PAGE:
A Eurasian Christmas - celebrating over traditional food

Eurasians usually celebrate Christmas with plenty of food. Here are five recipes to try.

From curry devil and sugee cake to pies with meatballs and sausages topped with crusty puff pastry, a Eurasian Christmas is often a bountiful banquet.

Other dishes include ham, salads, roast meats, shepherd's pie and feng, a pig offal curry. Even tedious-to-make snacks such as pang susie - buns with spiced pork filling - make an appearance.

For many Eurasians, Christmas is a time when families get together to celebrate over food.

Some tuck into supper in the wee hours of Christmas morning, while others enjoy all-day feasts on Christmas Day and Boxing Day.

According to the last Census of Population in 2010, there are about 15,500 Eurasians in Singapore.

The Sunday Times talks to five chefs and home cooks about their Eurasian Yuletide food traditions. Here are some of their families' treasured Christmas recipes.

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Pang susie made with his late father's recipe

Who: Quentin Pereira, 45, chef-owner of Quentin's The Eurasian Restaurant at The Eurasian Association in Ceylon Road

Pang susie, also known as pang susi, is a popular Eurasian snack.

The sweet potato bun, which has a flavourful spiced pork filling, is usually eaten for afternoon tea and at social gatherings over Easter and Christmas.

Chef Quentin Pereira's version is an adaptation of his late father's recipe. His father, Robin, an avid cook with a large repertoire of dishes, died on Boxing Day last year after spending Christmas Day with family. This will be the Pereiras' first Christmas without him.

Like many other Eurasian families, Christmas festivities for the family start with a home-cooked supper at a sibling's home - there are six children in the family, all of whom are married with children. Their mother, Freda, a housewife, is 71.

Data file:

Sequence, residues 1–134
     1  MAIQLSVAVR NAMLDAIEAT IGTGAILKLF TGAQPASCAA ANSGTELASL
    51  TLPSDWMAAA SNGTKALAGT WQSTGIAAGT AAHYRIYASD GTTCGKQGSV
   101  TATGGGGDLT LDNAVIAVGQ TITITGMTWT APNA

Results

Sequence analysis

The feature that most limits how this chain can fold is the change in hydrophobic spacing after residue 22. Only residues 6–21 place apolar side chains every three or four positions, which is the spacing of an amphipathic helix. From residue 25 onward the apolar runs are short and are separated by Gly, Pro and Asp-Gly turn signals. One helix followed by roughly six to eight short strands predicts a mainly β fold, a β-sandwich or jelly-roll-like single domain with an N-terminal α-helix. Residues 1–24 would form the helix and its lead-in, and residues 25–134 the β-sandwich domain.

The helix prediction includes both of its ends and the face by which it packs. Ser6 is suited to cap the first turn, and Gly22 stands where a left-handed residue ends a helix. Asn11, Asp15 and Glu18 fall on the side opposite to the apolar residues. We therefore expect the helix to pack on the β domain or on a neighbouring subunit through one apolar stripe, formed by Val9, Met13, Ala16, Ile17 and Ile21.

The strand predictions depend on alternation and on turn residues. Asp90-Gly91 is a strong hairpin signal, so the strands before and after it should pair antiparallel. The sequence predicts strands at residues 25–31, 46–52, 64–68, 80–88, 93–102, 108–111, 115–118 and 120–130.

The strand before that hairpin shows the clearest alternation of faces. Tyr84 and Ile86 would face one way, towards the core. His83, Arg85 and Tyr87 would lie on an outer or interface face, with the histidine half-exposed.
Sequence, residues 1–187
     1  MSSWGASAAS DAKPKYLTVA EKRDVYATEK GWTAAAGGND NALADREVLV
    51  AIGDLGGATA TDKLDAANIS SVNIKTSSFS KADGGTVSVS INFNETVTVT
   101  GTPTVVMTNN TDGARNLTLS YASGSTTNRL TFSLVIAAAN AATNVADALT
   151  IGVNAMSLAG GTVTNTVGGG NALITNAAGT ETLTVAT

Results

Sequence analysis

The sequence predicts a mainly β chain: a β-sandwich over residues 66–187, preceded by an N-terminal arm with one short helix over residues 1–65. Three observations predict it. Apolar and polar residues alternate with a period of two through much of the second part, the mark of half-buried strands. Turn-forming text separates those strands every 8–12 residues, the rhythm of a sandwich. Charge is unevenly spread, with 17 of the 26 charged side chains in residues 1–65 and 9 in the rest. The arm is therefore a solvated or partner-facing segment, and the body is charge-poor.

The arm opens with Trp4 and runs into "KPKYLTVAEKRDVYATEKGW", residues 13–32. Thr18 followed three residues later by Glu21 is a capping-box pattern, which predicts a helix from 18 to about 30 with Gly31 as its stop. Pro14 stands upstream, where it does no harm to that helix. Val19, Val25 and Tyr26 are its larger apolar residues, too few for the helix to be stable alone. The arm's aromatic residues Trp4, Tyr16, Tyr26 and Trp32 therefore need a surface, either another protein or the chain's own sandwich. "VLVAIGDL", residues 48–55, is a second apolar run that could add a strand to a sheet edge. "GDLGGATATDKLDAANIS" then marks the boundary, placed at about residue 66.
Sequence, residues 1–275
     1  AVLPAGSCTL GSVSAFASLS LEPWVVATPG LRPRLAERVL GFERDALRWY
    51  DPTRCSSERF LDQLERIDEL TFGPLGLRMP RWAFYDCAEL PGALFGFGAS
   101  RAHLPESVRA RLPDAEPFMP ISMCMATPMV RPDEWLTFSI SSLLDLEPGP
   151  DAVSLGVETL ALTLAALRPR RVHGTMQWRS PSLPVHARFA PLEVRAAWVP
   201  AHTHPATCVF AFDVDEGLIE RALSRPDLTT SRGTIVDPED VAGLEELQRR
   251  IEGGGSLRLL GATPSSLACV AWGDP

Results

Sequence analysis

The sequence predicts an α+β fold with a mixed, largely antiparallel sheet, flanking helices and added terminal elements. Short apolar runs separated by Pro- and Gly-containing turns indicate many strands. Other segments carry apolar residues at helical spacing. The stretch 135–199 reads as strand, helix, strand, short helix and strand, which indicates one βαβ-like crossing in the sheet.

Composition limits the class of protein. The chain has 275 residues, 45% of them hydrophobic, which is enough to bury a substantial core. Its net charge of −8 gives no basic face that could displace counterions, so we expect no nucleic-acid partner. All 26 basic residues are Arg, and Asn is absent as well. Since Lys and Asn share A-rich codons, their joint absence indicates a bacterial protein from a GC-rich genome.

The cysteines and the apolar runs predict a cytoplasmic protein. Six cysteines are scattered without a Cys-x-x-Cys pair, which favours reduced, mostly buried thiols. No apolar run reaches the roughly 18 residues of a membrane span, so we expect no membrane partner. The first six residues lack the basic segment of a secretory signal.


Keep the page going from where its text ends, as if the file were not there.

When they were growing up, it was their father who did the cooking. This year, chef Pereira's eldest brother will prepare supper. It starts in the wee hours of the morning after midnight mass at church and usually includes dishes such as curry devil and pot roast beef.

The siblings then take turns to host festive gatherings at their homes in the lead-up to the new year.

Chef Quentin Pereira adapted his recipe from the one by his late father, who
died on Boxing Day last year. ST PHOTO: BASIL EDWARD TEO



Butter for greasing baking trays

For the dough

500g plain flour

11g (1 sachet) instant yeast, available at supermarkets and specialist baking shops such as Phoon Huat

100g sugar

125g butter

2 egg yolks

50ml evaporated milk

30ml brandy

400g cooked sweet potato, peeled and roughly mashed

For the spice mix:

10g black peppercorns

5g cinnamon stick

5g nutmeg

5g cloves

5g star anise

For the filling:

4 Tbs vegetable oil

100g diced onion

600g minced pork

1 Tbs dark soya sauce

1 Tbs light soya sauce

1/2 Tbs sugar

1/4 Tbs salt, adjust to taste

For the glaze

1 egg yolk


1. To make the dough: Sift the flour and yeast into a mixing bowl. Add the sugar.